An eyewitness report received directly by SSP contradicts core aspects of the August 2011 UNHCHR report's account of the 8 June abduction and murder of a UN individual contractor. SSP has learned that the contractor, Numeiri Philip Kalo, a Nuba man and known SPLM-N supporter, worked for Tri-Star Fueling and was a Catholic seminarian. SSP has identified discrepancies regarding this incident between witness reports, the leaked UNHCHR draft and the final version of that report released in August 2011.

Eyewitness reports communicated directly to SSP claim that on 8 June Numeiri Philip Kalo, among others, was pulled out of an UNMIS vehicle directly in front of the east main gate of the UNMIS compound. CRP personnel reportedly put Numeiri Philip Kalo in a CRP-operated Toyota Land Cruiser. The CRP then took him around the corner of the UNMIS compound, near the CRP training center, and shot him while Egyptian UNMIS peacekeepers looked on. Eyewitness reports communicated to SSP state that Kalo's body was riddled with bullet holes when it was dumped out of a moving CRP vehicle on the road in front of the CRP training center. An individual who spoke to SSP independently identified the CRP training center on a map, and stated that Numeiri Philip Kalo's body was reportedly dumped on the side of the road in front of the CRP facility.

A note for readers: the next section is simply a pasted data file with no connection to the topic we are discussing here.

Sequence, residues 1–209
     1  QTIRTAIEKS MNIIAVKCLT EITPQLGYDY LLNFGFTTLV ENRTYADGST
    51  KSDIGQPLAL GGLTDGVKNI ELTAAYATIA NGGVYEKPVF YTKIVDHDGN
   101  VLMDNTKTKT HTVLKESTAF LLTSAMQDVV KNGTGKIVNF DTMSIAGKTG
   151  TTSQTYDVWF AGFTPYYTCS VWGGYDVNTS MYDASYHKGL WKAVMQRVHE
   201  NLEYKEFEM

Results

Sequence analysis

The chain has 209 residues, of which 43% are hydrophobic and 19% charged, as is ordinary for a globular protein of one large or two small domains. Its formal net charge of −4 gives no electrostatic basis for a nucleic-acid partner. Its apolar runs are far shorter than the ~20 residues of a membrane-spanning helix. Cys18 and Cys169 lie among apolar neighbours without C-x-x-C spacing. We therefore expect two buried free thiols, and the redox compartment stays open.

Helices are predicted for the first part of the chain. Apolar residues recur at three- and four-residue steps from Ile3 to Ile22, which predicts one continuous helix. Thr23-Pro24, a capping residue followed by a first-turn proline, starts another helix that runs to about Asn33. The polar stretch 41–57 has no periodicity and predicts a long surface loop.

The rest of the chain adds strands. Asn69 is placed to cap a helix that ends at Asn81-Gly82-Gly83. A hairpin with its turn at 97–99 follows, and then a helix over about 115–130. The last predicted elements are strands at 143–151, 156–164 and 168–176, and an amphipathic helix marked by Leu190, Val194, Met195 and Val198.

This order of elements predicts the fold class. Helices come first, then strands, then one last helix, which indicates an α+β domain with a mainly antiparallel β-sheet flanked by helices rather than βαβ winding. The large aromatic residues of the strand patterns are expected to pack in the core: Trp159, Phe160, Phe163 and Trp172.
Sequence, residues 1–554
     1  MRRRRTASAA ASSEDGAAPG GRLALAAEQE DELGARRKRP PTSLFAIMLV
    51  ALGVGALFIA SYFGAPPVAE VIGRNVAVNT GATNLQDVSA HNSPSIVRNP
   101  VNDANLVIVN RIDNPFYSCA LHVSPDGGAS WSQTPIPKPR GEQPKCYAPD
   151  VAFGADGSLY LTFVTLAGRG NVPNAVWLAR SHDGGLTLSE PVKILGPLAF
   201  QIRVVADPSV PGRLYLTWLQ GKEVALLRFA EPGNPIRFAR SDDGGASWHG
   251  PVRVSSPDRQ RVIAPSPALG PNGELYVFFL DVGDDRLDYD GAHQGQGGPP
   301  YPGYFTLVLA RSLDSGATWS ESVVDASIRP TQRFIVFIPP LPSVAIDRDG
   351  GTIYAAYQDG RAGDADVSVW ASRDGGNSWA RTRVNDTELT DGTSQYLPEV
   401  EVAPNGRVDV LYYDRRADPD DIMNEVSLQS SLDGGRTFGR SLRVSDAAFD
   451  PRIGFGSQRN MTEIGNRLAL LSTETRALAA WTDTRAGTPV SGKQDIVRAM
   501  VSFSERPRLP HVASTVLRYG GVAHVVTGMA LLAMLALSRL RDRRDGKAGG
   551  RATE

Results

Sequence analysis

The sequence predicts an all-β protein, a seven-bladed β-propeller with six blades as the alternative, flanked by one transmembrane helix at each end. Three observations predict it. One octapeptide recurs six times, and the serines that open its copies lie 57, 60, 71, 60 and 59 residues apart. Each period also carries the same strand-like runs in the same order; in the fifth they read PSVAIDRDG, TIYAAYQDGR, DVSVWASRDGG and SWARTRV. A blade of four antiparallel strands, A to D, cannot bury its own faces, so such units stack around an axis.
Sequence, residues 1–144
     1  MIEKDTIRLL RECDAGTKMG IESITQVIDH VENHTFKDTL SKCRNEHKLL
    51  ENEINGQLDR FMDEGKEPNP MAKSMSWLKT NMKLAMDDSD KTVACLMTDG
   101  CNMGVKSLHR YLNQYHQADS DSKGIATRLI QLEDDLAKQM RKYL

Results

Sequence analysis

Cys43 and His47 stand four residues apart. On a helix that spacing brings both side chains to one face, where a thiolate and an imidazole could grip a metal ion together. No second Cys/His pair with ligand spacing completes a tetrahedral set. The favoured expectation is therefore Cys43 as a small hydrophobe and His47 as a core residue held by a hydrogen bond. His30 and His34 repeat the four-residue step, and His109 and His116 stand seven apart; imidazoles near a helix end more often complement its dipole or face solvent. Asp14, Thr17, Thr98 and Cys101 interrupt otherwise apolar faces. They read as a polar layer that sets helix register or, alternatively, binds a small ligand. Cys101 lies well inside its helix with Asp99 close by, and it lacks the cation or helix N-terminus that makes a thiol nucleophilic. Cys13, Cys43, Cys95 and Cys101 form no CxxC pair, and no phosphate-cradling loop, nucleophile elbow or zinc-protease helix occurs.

However, the August 2011 UNHCHR report states that on "8 June, an UNMIS individual contractor (IC) was pulled out of a vehicle by SAF in front of the UNMIS Kadugli Sector IV compound in the presence of several witnesses." The draft report included a notation that this occurred "while UN Peace keepers could not intervene." This point was not included in the final report. Both versions of the report continued with the following language: "He was taken away from the vicinity of the compound and gunshots were heard. Later he was discovered dead by UNMIS personnel and IDPs. Several sources confirmed that the victim was an active SPLM member." Neither version of the UNHCHR report mentions CRP personnel or the CRP facility.

Some key things to conclude: 1) (North) Sudan essentially has no rulebook when it comes to armed conflict; Bashir's forces will do whatever they feel they need to do to win; 2) peacekeeping is a joke; the peacekeepers can't even protect themselves; 3) official UN reports do not tell the whole story even about what is happening to people working for the UN, much less about the local people.




So, Bashir and his government in Khartoum are the bad guys.

However, as this series continues, we will explore some problems with our good guys in South Sudan.